Thursday, in a scheduled 10-Q SEC filing, D.R. Horton disclosed that a punitive class action suit was filed against the company on June 15 of this year. The complaint, filed by a single individual in the United States District Court for the Southern District of Georgia, alleges that the company strong-armed a buyer into financing through Horton's affiliated mortgage company subsidiary, in effect, violating Section 8(c) of the Real Estate Settlement Procedures Act (RESPA).
But that could just be the beginning. The complaint is seeking certification status that would allow it to include other home buyers who purchased a home from the company and financed through the affiliated mortgage business within the year preceding the suit. Because it involves RESPA violations, the suit was filed in U.S. District court, rather than a local county court, which means if the case reaches class-action status, home buyers from across the country would be eligible to join the suit.
During the period from June 2006 to June 2007 of this year, Horton closed on roughly 46,800 homes, and according to SEC documents, the company's mortgage capture rate (the percentage of total home closings by home building operations for which DHI Mortgage handled the home buyers' financing), fluctuated between 67% and 68% during that time. In effect, more than 31,000 home sales could be vulnerable under the terms of this suit.
The 32-page court document states that buyers were "required by the literal terms of their real estate purchase agreement with Horton to finance their purchase through Horton mortgage or else forfeit various discounts off of the purchase price and/or closing costs for their new home." In this specific case, closing costs up to 6% of the purchase price resulted in a savings of several thousand dollars.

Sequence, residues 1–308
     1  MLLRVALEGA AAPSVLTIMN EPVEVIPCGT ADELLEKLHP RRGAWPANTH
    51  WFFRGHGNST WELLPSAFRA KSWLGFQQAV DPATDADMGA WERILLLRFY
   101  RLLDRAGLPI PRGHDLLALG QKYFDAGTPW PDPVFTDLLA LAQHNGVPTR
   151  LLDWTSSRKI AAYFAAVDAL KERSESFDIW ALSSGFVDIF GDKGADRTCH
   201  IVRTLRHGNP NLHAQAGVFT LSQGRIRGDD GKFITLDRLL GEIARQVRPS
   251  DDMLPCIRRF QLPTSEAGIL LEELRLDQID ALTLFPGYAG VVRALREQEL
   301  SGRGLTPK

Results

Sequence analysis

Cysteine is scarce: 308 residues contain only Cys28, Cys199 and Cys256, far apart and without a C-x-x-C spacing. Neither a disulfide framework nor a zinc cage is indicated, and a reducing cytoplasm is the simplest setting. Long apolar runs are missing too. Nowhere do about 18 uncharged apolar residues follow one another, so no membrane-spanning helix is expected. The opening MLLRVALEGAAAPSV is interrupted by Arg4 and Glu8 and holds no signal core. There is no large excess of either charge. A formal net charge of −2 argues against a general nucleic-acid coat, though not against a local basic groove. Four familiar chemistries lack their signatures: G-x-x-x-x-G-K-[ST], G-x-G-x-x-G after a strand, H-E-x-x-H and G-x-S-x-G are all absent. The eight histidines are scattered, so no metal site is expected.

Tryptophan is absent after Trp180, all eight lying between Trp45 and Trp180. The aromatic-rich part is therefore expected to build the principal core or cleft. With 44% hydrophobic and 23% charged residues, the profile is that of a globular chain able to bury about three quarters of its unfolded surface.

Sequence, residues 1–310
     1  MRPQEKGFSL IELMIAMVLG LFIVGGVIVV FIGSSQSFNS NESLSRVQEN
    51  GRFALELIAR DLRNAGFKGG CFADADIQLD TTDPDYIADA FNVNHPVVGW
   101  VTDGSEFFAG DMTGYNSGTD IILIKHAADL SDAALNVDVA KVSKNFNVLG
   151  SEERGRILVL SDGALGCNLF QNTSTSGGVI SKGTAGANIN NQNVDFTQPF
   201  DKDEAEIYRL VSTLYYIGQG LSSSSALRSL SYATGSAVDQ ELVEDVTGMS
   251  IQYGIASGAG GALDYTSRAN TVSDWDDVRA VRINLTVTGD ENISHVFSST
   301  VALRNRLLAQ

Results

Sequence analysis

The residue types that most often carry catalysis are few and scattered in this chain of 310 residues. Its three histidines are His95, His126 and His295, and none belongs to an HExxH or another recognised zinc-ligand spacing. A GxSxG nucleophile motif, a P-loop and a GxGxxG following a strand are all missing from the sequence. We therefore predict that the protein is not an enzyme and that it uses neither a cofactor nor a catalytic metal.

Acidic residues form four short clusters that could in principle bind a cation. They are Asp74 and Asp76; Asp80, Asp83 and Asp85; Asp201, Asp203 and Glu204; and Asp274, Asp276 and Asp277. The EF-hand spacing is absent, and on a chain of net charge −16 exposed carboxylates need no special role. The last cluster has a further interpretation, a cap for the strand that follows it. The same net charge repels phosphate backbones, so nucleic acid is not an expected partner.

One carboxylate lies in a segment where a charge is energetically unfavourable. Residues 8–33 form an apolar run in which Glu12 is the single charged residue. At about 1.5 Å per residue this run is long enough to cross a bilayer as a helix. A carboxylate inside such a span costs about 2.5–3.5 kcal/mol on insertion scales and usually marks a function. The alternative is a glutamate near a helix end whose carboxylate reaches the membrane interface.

According to the company filing, the action seeks damages in an unspecified amount and injunctive relief. At press time, Horton had not responded to Big Builder requests to discuss the case, though the company includes this statement in the SEC filing: "We believe the claims alleged in this action are without merit and will defend them vigorously. However, due to the early stages of this matter, we are unable to express an opinion as to the likelihood of an unfavorable outcome or the amount of damages, if any. While the ultimate outcome of the lawsuits and contingencies cannot be predicted with certainty, we believe the ultimate liability, if any, will not have a material adverse effect on our financial position or operations."